Serap Aksoy, Ph.D., professor of Epidemiology (Microbial Diseases) at the Yale School of Public Health, will present the annual lecture of the Medical Library Associates on Wednesday, April 27, at 2 p.m. The lecture, “Advancing global public health: building bridges across disciplines and advocating for evidence-based health policies,” will be virtual, and registration is required; register here.
Dr. Aksoy is a tropical medicine researcher whose work focuses on the epidemiology of insect-transmitted (vector-borne) and zoonotic diseases. Her research has been on tsetse flies and the pathogenic parasites they transmit that cause a highly neglected and fatal disease in humans in Africa known as sleeping sickness. Her laboratory focuses on deciphering the vector-parasite molecular dialogue and parasite development during the transmission process, with the ultimate goal of identifying novel targets of interference and developing transmission-blocking vaccines to reduce disease.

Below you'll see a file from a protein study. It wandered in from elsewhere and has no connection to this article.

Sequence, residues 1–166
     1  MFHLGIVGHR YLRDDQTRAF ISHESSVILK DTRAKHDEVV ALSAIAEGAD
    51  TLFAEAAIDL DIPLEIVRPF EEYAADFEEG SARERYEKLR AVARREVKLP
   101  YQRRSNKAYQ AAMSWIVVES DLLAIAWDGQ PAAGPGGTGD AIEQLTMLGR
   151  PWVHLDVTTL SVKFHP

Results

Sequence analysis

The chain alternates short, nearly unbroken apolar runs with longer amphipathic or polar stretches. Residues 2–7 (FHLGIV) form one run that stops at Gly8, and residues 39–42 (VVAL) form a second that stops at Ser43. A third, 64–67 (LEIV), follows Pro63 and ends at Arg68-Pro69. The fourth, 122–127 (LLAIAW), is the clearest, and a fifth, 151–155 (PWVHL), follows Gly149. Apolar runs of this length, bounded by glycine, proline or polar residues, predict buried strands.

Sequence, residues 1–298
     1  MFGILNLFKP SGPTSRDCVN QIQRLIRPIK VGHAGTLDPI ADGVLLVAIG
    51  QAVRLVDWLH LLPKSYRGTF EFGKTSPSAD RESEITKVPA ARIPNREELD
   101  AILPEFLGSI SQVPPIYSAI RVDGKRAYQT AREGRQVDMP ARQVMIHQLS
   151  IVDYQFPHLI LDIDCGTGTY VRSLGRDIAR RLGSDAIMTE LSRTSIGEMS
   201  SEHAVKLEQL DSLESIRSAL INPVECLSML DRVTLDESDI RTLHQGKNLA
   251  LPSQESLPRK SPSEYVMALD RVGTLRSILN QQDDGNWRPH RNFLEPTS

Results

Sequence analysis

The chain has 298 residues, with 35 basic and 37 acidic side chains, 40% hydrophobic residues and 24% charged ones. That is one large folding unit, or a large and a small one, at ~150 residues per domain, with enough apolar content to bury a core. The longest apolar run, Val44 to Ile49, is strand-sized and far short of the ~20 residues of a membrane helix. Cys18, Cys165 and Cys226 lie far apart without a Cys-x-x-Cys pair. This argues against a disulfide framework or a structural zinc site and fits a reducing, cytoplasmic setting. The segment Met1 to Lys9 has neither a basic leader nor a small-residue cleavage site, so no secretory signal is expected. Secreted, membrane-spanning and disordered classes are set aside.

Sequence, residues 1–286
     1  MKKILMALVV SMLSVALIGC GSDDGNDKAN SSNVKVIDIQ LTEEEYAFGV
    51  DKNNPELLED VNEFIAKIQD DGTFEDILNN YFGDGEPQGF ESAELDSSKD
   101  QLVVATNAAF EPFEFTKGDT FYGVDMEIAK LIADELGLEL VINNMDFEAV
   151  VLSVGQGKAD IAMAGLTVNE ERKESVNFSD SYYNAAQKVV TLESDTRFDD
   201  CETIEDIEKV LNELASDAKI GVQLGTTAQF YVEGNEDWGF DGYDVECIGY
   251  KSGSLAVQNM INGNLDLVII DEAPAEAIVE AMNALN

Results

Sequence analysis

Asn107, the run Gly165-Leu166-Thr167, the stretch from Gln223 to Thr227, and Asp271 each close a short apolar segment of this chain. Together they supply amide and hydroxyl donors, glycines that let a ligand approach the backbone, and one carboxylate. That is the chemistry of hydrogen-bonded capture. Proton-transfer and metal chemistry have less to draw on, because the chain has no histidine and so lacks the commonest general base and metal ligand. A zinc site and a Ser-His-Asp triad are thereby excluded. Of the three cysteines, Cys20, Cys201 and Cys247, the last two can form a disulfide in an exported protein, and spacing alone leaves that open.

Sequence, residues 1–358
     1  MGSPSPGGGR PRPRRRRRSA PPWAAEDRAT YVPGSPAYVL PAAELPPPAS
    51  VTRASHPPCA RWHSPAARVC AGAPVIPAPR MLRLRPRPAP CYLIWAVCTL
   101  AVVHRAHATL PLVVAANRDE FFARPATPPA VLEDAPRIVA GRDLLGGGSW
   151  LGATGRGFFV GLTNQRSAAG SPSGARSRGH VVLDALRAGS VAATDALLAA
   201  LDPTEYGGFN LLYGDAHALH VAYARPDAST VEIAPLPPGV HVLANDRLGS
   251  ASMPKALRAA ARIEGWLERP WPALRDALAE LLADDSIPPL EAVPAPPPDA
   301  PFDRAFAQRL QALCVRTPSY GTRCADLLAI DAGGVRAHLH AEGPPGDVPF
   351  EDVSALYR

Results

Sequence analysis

Her fundamental and interdisciplinary work on tsetse and its microbial symbionts has identified key principles that shape host-microbe interactions. Her studies with tsetse’s mutualistic microbes identified nutritional contributions that facilitate female fecundity and mediate host immune system development. Her studies with tsetse’s commensal microbiota led to a novel biological method, coined as paratransgenesis, in which anti-parasitic molecules are synthesized in the beneficial gut microbes, thus making the gut environment inhospitable for disease-causing parasites. The ability to spread such modified microbes into natural insect populations is being explored to reduce disease transmission as a novel biological method.
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